Charley Trippi is back in the news.
No, the former University of Georgia halfback isn't making a late-life comeback on the football field. But Aiken's Dogwood Stable president Cot Campbell has a possible Kentucky Derby horse named Trippi, in honor of the versatile athlete of the 1940s.
"I talked to Cot Campbell," Charley Trippi, age 78, said Friday from his home in Athens, Ga. "He just decided to use my name for the horse. There wasn't much dialogue after that. I just told (Campbell) to make him a winner. And he has been winning. I'm proud of that horse."
Trippi won his first race on Jan. 29 at Gulfstream Park in Miami. He followed that with a Grade III Swale Stakes win on March 11 at Gulfstream, moving into consideration for the Kentucky Derby on May 6 in Louisville, Ky. He will race again April 8 in the Grade III Flamingo Stakes, again at Gulfstream. Campbell said if Trippi can run a longer distance successfully there, one mile and one-eighth, then Louisville may be the next stop.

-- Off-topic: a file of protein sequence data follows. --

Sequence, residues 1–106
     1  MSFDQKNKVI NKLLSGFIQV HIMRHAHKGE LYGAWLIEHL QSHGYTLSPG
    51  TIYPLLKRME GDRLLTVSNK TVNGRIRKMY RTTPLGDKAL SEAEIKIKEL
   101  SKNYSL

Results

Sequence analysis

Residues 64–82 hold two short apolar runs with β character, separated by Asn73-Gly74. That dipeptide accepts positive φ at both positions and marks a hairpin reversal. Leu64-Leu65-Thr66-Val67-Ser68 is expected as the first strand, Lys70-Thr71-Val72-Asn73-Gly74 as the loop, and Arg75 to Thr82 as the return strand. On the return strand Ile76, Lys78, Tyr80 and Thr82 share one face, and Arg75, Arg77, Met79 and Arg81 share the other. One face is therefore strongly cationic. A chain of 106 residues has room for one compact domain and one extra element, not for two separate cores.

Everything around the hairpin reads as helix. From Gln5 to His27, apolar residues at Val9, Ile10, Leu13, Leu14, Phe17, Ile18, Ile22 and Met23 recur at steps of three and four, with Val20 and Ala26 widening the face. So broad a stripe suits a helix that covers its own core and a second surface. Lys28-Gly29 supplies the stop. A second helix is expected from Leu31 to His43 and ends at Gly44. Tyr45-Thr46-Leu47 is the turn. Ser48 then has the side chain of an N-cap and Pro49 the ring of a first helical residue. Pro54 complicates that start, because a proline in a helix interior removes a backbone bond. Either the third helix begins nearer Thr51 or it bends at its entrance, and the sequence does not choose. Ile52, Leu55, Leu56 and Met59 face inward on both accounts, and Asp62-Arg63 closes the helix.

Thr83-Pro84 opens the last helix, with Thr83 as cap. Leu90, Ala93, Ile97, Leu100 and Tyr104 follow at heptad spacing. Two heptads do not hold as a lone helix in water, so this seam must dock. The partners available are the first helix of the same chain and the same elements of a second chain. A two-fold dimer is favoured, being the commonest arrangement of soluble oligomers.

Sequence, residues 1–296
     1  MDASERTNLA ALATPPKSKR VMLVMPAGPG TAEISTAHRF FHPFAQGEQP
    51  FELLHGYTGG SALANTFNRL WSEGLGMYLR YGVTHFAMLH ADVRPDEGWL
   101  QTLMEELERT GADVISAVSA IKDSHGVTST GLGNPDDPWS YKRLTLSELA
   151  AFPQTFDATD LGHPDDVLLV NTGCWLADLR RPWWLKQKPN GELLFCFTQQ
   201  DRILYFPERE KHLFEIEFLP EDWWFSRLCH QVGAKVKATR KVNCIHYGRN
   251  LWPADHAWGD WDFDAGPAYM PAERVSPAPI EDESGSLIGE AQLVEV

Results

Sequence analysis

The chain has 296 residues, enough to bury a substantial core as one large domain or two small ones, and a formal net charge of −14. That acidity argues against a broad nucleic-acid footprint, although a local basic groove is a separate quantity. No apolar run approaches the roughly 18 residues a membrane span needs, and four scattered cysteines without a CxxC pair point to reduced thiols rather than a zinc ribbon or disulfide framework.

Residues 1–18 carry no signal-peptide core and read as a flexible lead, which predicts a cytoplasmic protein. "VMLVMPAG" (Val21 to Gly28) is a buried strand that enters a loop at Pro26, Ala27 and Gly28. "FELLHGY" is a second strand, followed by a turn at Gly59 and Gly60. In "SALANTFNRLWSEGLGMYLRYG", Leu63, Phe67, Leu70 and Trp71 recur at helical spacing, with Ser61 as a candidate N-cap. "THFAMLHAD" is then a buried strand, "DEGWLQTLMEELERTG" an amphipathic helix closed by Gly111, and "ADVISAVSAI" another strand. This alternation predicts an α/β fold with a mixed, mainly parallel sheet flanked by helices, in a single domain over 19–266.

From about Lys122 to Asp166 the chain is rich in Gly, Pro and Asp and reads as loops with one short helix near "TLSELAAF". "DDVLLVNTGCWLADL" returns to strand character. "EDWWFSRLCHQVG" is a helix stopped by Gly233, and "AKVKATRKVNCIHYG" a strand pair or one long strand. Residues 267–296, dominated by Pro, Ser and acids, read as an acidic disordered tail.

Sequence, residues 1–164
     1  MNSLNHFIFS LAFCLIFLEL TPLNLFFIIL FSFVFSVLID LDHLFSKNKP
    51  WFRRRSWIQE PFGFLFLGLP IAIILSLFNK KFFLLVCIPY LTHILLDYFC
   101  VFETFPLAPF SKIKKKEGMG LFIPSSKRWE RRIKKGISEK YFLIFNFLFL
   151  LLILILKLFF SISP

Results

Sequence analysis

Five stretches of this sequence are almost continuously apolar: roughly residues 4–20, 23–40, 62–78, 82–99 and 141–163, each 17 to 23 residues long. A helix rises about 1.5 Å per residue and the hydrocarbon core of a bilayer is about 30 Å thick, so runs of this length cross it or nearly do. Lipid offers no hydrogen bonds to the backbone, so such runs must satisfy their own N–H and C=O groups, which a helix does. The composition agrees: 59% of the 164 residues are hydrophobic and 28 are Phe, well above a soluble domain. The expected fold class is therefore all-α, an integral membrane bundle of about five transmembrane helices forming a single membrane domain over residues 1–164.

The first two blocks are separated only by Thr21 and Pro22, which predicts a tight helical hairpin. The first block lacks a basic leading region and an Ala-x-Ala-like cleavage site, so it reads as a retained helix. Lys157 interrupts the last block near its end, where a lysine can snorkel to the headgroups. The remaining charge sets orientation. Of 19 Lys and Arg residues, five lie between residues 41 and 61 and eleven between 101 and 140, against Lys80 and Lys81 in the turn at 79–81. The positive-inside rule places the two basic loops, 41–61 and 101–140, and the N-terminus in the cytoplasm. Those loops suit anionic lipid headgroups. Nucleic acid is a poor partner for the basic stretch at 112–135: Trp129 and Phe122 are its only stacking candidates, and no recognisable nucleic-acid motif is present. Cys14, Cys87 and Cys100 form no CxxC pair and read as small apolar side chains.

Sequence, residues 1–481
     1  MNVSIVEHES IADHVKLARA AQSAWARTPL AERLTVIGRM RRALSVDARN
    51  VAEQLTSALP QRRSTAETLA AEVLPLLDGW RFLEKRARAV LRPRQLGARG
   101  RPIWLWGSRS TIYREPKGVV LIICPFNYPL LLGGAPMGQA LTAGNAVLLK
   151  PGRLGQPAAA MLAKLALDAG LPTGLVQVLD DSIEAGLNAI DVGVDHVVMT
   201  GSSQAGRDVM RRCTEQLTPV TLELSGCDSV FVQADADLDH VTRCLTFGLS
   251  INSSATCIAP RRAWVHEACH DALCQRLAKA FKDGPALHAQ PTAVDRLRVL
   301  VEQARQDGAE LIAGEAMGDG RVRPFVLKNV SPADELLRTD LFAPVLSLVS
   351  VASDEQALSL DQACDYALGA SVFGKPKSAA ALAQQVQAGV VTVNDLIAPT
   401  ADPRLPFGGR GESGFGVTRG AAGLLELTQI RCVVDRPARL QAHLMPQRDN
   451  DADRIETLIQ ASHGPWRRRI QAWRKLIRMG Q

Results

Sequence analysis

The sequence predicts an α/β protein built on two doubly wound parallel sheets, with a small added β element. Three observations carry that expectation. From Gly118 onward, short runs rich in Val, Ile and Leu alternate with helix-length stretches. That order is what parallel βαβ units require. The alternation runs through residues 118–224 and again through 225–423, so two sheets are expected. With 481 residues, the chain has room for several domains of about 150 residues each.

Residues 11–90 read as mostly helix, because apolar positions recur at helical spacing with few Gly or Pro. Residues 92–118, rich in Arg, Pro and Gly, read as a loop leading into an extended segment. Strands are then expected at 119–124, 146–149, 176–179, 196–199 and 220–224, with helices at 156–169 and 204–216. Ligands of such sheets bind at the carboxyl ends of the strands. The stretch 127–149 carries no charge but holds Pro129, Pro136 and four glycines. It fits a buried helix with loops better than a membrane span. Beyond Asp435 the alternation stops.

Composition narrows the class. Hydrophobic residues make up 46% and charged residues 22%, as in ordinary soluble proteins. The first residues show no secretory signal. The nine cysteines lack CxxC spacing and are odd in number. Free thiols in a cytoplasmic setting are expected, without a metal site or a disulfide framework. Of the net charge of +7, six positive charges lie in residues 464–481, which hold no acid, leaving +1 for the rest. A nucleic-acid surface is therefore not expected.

Campbell named the horse, without conferring with Charley Trippi, after buying the colt of End Sweep last spring at a 2-year-old sale. He called Charley Trippi twice and wrote him earlier this year after the horse's first win to alert him about the naming.
"I thought it was a perfect name for a colt sired by End Sweep," Campbell said on Friday. "If there was anybody proficient at the end sweep, it was Charley Trippi.
"It was too natural a name. And I love short, snappy names like that."
In the 1940s, when Campbell was in prep school in Rome, Ga., he watched the All-American collegiate career of Charley Trippi closely. When Campbell moved to Chicago in the late '40s and early '50s, Charley Trippi was a star back with the NFL's Chicago Cardinals, who won the 1947 NFL title.
It is not the first time Campbell has named a horse after an athlete. He had Nagurski, after the famous football player Bronco Nagurski; Dempsey, after boxer Jack Dempsey; and Babe Ruth, after the legendary baseball player.
But this horse could have the most success. Should Trippi, the horse, reach Churchill Downs, then Trippi, the man, may be invited.
"I'd love him to be there, absolutely," Campbell said. "It would be fun to have him there."